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Every Successful Organization has a Plan, Bufe Says
Tuesday, August 19, 2014 7:00 AM

Every successful organization has a plan and knows where it is heading in the future. Credit unions are no different. According to Credit Union Resources’ Howard Bufe, strategic planning gives an organization a road map to follow. In the following Q&A, Bufe shares with Leaguer readers his insight on strategic planning.

Question: Why is strategic planning so important for credit unions?

Bufe: Strategic planning is a critical component of the success of the credit union.  It’s time set aside for the visionaries to stop and focus on the future of the credit union and identify the things they need to address, discuss growth strategies and make sure everyone is on the same page.

Question: What should a credit union expect to get out of strategic planning?

Bufe: The outcome of a strategic planning session is three to five strategic initiatives of focus for the credit union to define objectives and formulate strategies to accomplish the initiatives.

Question: How often should a credit union conduct strategic planning?

Bufe: Depending on the size and or the complexity of the credit union will determine how often they would conduct a formal planning session, anywhere from one to three years.  It’s important to realize that you may not conduct a formal session every year, but you should review it for relevance on an annual basis.  Monitor it on a monthly or quarterly basis, depending on the credit union.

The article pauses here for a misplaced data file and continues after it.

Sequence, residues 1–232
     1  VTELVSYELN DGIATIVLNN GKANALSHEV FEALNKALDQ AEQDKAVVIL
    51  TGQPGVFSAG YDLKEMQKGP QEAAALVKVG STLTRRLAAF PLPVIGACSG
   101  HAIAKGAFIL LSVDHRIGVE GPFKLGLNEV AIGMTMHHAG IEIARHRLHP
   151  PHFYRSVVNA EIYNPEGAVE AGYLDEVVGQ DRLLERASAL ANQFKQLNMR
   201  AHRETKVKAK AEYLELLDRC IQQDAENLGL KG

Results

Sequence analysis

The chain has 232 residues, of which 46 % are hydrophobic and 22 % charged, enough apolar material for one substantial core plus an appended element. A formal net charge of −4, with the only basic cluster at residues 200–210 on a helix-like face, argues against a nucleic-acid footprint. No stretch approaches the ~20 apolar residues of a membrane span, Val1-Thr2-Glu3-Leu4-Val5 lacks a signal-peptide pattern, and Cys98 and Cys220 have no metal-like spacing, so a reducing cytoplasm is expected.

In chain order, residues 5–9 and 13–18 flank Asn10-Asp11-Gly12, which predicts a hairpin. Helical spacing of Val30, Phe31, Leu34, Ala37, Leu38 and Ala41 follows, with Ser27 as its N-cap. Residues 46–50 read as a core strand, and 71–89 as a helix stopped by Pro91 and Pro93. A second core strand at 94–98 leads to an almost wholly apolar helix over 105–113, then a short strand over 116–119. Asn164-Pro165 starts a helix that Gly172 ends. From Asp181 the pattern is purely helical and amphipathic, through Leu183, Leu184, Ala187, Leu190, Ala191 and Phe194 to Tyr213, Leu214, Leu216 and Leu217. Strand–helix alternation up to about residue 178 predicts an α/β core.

Question: Who should be involved in the process?

Bufe: Typically the board and senior staff are involved in the actual planning session, but it’s important to incorporate input from all levels of staff to gain important and potential game changing thoughts and ideas.  The plan should be drilled down to all levels of staff to gain buy-in.

Question: What is the difference between a balanced scorecard and a traditional strategic planning session?

Bufe: The balanced scorecard focuses on four perspectives: 1) knowledge and growth perspective, 2) internal processes perspective, 3) member perspective, and 4) financial perspective.

Traditional planning identifies three to five key areas or strategic initiatives to strategically move the credit union in the direction desired by the visionaries.

Question: How does a credit union determine which is more appropriate for their organization?

Bufe: Both work great for any asset size credit union.  Balanced scorecard will be more labor intensive up front but reaps great rewards.

Question: How common is it for a credit union to use someone internally to facilitate the strategic planning session, and what are the pros and cons of using an internal person?

Bufe: It is fairly common for someone internally to conduct the planning session. Someone internally is more aware of the personality and inter-workings of the credit union, although it can be limiting having someone internally facilitate the session due to internal politics and it limits the ability of the internal facilitator to fully participate in the session.

Question: What are the top three benefits of bringing in an external person to conduct a credit union’s strategic planning session?

Bufe: External facilitator can bring fresh ideas to the session, broach topics that may be sensitive and allows all internal personnel to fully participate in the session.

Question: What can a credit union expect to pay to bring in someone to facilitate a strategic planning session?

Bufe: Cost is based on asset size and complexity of the credit union along with the length and location of the session (i.e. travel expense).  It’s important for credit unions to realize there are resources available to assist with cost, including a grant from the Cornerstone Credit Union Foundation.

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